- The Oxford Handbook of Cultural Sociology
- Introduction: Cultural Sociology Today
- Cultural Sociology as Research Program: Post-Positivism, Meaning, and Causality
- Rationalization Processes inside Cultural Sociology
- Four Ways to Measure Culture: Social Science, Hermeneutics, and the Cultural Turn
- Culture and the Economy
- Culture and Economic Life
- From Moral Sentiments to Civic Engagement: Sociological Analysis as Responsible Spectatorship
- Reinventing the Concept of Civic Culture
- Cultural Sociology and Civil Society in a World of Flows: Recapturing Ambiguity, Hybridity, and the Political
- Mediatized Disasters in the Global Age: On the Ritualization of Catastrophe
- Media, Intellectuals, the Public Sphere, and the Story of Barack Obama in 2008
- Entertainment Media and the Aesthetic Public Sphere
- Rethinking the Relationship of African American Men to the Street
- Ethnicity, Race, Nationhood, Foreignness, and Many Other Things: Prolegomena to a Cultural Sociology of Difference-Based Interactions
- Burning Schools/Building Bridges: Ethnographical Touchdowns in the Civil Sphere
- The Constitution of Religious Political Violence: Institution, Culture, and Power
- Globalization and Religion
- Narrative and Social Movements
- The Politics of Authenticity: Civic Individualism and the Cultural Roots of Gay Normalization
- Rethinking Conflict and Collective Memory: The Case of Nanking
- Cultural Trauma: Emotion and Narration
- Remembrance of Things Past: Cultural Trauma, the “Nanking Massacre,” and Chinese Identity
- Events as Templates of Possibility: An Analytic Typology of Political Facts
- Cultural Pragmatics and the Structure and Flow of Democratic Politics
- Consumption as Cultural Interpretation: Taste, Performativity, and Navigating the Forest of Objects
- The Force of Embodiment: Violence and Altruism in Cultures of Practice
- Music Sociology in a New Key
- Narrating Global Warming
- Broadening Cultural Sociology's Scope: Meaning-Making in Mundane Organizational Life
- Inbetweenness and Ambivalence
Abstract and Keywords
This article introduces the reader to the current status of cultural sociology as a specific mode of inquiry. It first discusses the pre-history of cultural sociology, tracing its origins in the demise of Parsonian functionalism from the mid-1960s onward, the cultural turn in sociology through the 1980s, and the emergence of an increasingly confident cultural sociology as an alternative paradigm to the once dominant sociology of culture. The article then considers the impact of cultural sociology, especially on well-established research areas such as economic sociology. It also examines the tensions marking “best practices” in contemporary cultural sociology as a dimension of social life, including the tension between discourse and materiality, the link between public ritual and everyday life, and the question of method and epistemology.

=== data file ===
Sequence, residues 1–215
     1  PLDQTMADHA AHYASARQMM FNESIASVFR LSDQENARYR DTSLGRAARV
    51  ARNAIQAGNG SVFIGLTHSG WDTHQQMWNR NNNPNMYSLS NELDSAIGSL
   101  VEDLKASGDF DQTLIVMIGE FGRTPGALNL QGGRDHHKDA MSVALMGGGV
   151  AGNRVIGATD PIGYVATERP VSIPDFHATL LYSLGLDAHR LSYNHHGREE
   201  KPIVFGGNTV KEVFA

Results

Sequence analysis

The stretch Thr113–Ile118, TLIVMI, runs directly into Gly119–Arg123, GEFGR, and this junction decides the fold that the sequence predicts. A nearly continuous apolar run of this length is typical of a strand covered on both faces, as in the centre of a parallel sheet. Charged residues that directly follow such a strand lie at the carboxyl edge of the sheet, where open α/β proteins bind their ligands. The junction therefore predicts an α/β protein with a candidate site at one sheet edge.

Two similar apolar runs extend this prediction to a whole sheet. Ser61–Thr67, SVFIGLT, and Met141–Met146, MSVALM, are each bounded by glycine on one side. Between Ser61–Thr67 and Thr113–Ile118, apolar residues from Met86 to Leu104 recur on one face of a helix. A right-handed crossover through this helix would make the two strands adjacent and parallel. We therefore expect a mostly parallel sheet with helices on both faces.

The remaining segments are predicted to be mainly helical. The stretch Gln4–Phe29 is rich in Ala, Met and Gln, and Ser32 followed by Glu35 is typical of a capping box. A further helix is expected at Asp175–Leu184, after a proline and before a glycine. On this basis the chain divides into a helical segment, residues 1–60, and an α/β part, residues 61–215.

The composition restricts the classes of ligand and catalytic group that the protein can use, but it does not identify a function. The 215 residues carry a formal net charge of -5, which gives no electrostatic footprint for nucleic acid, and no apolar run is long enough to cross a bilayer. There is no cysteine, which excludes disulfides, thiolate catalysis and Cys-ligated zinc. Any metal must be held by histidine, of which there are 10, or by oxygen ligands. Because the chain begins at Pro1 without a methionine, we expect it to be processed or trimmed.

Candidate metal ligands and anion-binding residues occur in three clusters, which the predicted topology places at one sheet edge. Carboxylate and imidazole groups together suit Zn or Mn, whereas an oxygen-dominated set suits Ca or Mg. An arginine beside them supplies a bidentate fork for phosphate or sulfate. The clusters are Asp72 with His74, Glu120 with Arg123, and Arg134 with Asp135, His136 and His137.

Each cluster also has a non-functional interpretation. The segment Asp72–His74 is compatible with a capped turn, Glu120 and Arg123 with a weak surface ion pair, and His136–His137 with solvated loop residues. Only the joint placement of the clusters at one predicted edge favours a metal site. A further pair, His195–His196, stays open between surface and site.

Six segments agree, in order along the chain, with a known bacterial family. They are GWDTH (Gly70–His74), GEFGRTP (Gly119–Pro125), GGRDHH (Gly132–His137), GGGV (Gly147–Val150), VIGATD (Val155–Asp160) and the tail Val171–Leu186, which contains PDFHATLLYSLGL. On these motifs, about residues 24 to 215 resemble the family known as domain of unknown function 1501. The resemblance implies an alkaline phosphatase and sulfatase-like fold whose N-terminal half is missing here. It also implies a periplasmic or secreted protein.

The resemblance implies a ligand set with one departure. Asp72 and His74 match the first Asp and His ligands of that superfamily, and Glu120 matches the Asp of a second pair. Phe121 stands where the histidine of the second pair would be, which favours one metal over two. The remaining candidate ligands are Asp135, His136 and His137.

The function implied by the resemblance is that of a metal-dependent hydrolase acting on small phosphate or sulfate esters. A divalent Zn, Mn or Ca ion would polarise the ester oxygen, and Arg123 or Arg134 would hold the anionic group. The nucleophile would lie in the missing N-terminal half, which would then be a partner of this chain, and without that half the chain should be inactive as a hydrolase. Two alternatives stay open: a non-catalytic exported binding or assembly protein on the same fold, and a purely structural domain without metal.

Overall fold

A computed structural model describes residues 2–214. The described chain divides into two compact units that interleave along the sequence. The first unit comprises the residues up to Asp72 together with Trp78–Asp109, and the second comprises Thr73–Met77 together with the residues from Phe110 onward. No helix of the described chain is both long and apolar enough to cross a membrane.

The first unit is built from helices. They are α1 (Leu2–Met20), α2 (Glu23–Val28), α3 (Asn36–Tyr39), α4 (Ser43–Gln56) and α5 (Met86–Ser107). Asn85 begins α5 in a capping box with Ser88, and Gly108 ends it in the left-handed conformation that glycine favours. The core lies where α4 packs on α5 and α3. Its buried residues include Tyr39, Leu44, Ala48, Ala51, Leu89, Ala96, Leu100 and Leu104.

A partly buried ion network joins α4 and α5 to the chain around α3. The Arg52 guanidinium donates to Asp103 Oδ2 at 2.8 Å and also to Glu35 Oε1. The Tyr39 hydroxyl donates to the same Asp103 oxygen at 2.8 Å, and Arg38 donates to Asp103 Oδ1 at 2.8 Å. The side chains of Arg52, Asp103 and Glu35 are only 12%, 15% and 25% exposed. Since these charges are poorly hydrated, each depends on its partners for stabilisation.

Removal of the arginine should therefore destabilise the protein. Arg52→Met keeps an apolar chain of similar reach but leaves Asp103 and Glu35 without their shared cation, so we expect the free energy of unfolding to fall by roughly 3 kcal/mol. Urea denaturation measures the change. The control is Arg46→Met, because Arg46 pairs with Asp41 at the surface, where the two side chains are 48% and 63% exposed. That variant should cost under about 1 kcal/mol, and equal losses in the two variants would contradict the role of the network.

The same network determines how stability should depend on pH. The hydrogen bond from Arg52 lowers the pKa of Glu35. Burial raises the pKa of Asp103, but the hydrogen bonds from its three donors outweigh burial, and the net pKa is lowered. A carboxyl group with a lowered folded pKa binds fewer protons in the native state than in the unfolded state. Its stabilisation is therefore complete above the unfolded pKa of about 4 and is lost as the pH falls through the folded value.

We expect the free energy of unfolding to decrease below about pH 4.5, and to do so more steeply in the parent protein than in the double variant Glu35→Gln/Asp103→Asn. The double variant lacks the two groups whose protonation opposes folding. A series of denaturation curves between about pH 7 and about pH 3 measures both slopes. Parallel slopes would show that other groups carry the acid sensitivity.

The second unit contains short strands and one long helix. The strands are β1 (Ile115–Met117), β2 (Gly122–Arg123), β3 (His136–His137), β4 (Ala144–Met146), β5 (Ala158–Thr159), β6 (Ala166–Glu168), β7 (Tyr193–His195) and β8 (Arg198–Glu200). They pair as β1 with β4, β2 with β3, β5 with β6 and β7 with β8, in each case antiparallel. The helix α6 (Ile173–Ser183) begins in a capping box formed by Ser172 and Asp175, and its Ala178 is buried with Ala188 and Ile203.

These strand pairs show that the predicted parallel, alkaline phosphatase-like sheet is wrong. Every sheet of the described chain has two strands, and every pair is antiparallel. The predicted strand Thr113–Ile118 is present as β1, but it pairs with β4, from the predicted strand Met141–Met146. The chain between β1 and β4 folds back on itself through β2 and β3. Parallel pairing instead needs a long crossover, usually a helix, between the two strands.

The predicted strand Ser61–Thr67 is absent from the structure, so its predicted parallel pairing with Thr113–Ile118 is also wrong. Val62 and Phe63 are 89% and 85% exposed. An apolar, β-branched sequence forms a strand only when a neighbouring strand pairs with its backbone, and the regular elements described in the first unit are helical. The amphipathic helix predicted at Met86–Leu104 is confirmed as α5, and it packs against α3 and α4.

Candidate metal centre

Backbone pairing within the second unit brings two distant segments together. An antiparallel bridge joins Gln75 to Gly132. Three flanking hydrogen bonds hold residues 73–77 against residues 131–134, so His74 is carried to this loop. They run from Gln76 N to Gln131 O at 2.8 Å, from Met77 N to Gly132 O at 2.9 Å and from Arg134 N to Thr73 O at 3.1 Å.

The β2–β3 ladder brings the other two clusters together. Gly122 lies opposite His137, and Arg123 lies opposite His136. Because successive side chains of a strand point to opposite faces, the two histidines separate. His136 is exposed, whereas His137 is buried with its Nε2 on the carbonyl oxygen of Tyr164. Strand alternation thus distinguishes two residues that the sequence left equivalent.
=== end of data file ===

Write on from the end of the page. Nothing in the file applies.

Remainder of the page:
Jeffrey C. Alexander, Lillian Chavenson Saden Professor of Sociology at Yale University, works in the areas of theory, culture and politics, developing a meaning-centered approach to the tensions and possibilities of modern social life. He is a Director of the Center for Cultural Sociology, also at Yale. His recent publications include: Understanding the Holocaust: A Debate (2009); A Contemporary Introduction to Sociology: Culture and Society in Transition (with Kenneth Thompson 2008); Social Performances: Symbolic Action, Cultural Pragmatics, and Ritual (with Bernhard Giesen and Jason Mast 2006); Cultural Trauma and Collective Identity (with Eyerman, Giesen, Sztompka, and Smelser 2004); and The Meanings of Social Life: A Cultural Sociology (2003). In his major work The Civil Sphere (2006), Alexander developed a new cultural-sociological theory of democracy, a perspective that provides the foundation The Performance of Politics: Obama's Victory and the Democratic Struggle for Power (2010) and his newest volume, Performative Revolution in Egypt: An Essay in Cultural Power (2011).
Ronald N. Jacobs is Associate Professor of Sociology at the University at Albany, State University of New York. His research focuses on culture, media, and the public sphere. His current work is concentrated in two areas: (1) a study of media intellectuals and the social space of opinion, and (2) a study of entertainment media and the aesthetic public sphere.
Philip Smith School of Psychological Sciences The University of Melbourne Parkville, Australia
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